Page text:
Katie Simmons-Barth has carried a notarized document in her wallet since 2007 that states Lisa can make informed medical decisions.
“I have friends who carry thick legal-sized envelope pack where all their documents are there, all their medical decisions are there, all their legal paperwork, anything that ties them together.” she said. And if they’re going out of town for a weekend, they ask ‘do you have our medical-decision making package with you?’ My straight friends don’t have to do that. They have that privilege all the time.”
The House approved the bill 72–67 this year, adding the condition that states clergy of any religious sect would be protected from performing any marriage ceremony that is against their beliefs.
Richard Cook is a parishioner at St. Matthew Catholic Church and a member of Catholics for Marriage Equality, an organization that, despite the doctrine of the Catholic church, advocates marriage inclusiveness.
He said that same-sex couples have the right to marry and that the traditions of the church are not progressive.
“I’m not troubled by the hierarchy’s position on this because the distinction I make is that what happens within the four walls of the parish, which the Bishops certainly regulate and what happens in the polling booth is completely different.”
Several campus organizations, including the Center for Student Diversity and the Department of Civic Engagement have promoted religious and political education about the referendum item.
Sam Hubbard, the Student Government Association’s Director of Diversity organized the “Marriage Equality for All!” event Oct. 9, which featured individuals discussing the pros and cons of same-sex marriage.
Some on the panel said that the battle for same-sex marriage is one that has waged for too long.
Mickey Dehn, a lecturer in the Department of Biological Sciences, who identifies as transgender, said that too many resources have been funneled into promoting same-sex marriage.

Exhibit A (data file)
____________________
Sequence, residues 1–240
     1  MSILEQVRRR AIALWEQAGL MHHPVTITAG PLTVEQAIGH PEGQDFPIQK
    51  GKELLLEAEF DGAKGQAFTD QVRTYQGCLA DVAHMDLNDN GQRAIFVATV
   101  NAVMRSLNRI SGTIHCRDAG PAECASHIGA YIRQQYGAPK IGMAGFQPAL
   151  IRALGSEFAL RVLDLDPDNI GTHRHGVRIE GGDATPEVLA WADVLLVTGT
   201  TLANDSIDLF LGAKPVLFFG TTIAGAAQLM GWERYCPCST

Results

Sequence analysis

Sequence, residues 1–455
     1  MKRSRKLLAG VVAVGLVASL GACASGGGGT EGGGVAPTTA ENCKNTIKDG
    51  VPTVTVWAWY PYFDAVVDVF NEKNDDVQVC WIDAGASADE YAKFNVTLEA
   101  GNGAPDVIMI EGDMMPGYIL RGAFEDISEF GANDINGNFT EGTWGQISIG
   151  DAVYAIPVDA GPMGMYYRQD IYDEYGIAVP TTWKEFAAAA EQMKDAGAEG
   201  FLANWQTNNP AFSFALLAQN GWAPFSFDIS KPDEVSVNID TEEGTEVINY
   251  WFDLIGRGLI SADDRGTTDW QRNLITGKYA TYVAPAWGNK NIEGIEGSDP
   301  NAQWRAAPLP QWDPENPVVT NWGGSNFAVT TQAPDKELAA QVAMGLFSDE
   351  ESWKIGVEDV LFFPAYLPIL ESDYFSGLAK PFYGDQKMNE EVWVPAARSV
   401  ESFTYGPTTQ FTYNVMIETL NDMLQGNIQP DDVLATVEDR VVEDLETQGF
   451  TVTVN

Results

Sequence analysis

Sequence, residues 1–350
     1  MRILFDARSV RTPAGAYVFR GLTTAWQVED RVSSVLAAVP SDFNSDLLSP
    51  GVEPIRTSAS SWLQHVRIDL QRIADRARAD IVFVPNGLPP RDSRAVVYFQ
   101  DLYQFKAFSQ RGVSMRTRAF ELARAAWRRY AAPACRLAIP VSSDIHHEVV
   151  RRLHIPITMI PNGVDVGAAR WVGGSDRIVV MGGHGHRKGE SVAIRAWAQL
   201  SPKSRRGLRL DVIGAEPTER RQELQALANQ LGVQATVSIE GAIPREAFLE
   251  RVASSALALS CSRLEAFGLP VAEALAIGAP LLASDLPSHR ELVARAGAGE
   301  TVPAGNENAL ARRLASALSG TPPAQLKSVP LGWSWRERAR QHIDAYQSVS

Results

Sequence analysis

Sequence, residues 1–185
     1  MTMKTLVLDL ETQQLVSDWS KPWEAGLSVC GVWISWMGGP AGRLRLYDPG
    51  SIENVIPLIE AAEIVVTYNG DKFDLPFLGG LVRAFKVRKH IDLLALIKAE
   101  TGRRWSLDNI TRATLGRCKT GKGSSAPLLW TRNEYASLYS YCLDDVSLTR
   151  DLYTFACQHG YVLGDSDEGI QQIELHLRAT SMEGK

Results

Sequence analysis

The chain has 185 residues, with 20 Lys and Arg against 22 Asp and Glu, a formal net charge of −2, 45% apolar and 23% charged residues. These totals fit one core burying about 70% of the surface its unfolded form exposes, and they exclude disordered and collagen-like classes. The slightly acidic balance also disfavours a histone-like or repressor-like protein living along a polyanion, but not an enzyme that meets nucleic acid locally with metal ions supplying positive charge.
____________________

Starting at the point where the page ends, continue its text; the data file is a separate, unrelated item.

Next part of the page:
“It is has been a giant resource suck in every sense of the word for every other Lesbian, Gay, Bi-sexual, Transgender issue,” he said
Almost $44 million dollars was raised in opposition to Proposition 8, a California constitutional amendment passed in 2008 that states marriage is only legally recognized between a man and woman, according to a report generated by the Los Angeles Times. $38 million was raised to support the ban of same-sex marriage.
Funds like these, Dehn said, could have been distributed to other organizations, such as the Human Rights Campaign, that are fighting for equal employment rights and LGBT hate-crime prevention.
If approved, same-sex marriage could provide Maryland’s economy with a projected $3.2 million gain annually from increases in sales and tax revenue from weddings and wedding-related tourism, according to a study conducted by the Williams Institute, a research arm of University of California’s School of Law.
The Institute explored budgetary information from the seven states that have already approved same-sex marriage: Iowa, New York, Connecticut, New Hampshire, Washington, Vermont and Massachusetts, as well as D.C.
To vote on Question 6, visit your local polling station, or request an absentee ballot. Deadline is Oct. 30.